Since Airbus aircraft have side sticks and not conventional yokes, tables can be positioned before each pilot, providing room for an integrated keyboard. Each table will have a pointing device (mouse) for screen selection and operation within that screen. Airbus has yet to choose the pointing device’s configuration, but its officials assure it will be user-friendly and pilot-intuitive.
Airbus says it does not plan to fit the A3XX with head-up displays (HUDS), explaining that "HUDs don’t add much to our airliners." Virtually all operations are to ILS-equipped airports, and the A3XX will be certificated for Cat IIIB approaches, so adding HUDS is of limited benefit, Airbus claims.
The pilot computer terminals can be used for communication with other terminals and printers on the aircraft or the airline’s ground facilities.
Because of the A3XX’s large size, Airbus also has addressed the challenge of maneuvering the aircraft on the ground. It will install suitably pointed external cameras, which will present video images on the cockpit LCDs. To further combat the growing problem of runway incursion, particularly at night, the A3XX will also present an airport map on a screen.
Engine thrust will be displayed directly, not derived from N1 (low-pressure spool speed) or EPR (engine pressure ratio) as it is on current types. N1 and EPR are affected by ambient conditions and do not give a precise indication of thrust, Airbus officials assert.
The A3XX engines will have full authority digital electronic control (FADEC), with automatic start and automatic abort sequences. Two engines can be started at once. The power levers have detents, so they are easy to set at TOGA (takeoff/go around), climb and other power settings. TOGA will be 100% power, or less if conditions permit. A readout at the top of the engine display will confirm the selected power.
A study currently is under way on monitoring takeoff performance automatically. For example, if engine acceleration appears to be less than expected, the system will flag this situation early, so a rejected takeoff can be made as soon as possible. This feature also should reduce the number of unnecessary rejected takeoffs (RTOs)–when the pilot thinks a problem warrants an RTO, but it really does not.
Airbus is mindful not to overload the crew with information during the takeoff roll, so the monitoring system will not provide a continuous evaluation of takeoff performance. It will take a "snapshot" of the situation at, say, 80 knots with a V1 (decision speed) of about 130 knots. The system will remain silent if acceleration is okay. If not, the pilot receives a caution well below V1, allowing a much less time-stressed decision to be made.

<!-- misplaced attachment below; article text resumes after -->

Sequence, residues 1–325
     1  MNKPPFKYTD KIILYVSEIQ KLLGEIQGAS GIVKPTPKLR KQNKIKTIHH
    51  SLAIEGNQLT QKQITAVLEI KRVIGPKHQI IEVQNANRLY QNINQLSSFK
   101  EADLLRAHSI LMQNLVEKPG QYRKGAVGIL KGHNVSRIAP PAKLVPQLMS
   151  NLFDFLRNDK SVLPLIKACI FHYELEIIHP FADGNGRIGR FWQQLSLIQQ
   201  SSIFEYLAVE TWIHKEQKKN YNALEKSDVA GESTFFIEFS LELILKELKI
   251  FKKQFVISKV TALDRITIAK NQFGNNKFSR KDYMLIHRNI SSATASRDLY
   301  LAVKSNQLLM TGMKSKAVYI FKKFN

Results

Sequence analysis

Cockpit comfort will be paramount for the A3XX. Its mid-level position (rather than on top as in the Boeing 747) will keep airflow noise levels low and the pilot’s view for taxiing optimum. Airbus employed Aerospatiale Matra’s Epopee simulator for definition of the human-machine interface (HMI). The company has used simulators since the 1970s on developments such as the A310/A300-600 electronic flight instrument system (EFIS) and the A320 fly-by-wire control system.
Last year, 21 pilots from 10 major carriers "flew" the simulator, to provide Airbus with their input on how best to develop the cockpit. A3XX cockpit HMI manager Christine Luneau wanted airline pilots to evaluate "a new type of dialogue" with the aircraft. She claims the pilots’ feedback has been positive.
Airbus is keeping the "dark-cockpit/push-button" philosophy in the A3XX–lights illuminated only when things need attention. Fly-by-wire flight and thrust controls also will be retained.
Cost and Availability
Production deliveries of the 555-seat Airbus A3XX-100 could start in late 2005 if airlines express sufficient support by this summer for the manufacturer’s supervisory board to commit to a launch. A freighter variant (the -100F) will be launched at the same time for service entry by 2007.
The A3XX-100 is priced at around $230 million. The go-ahead is expected this year, spawning a family of aircraft (initially including the 656-seat -200 and the 480-seat -50).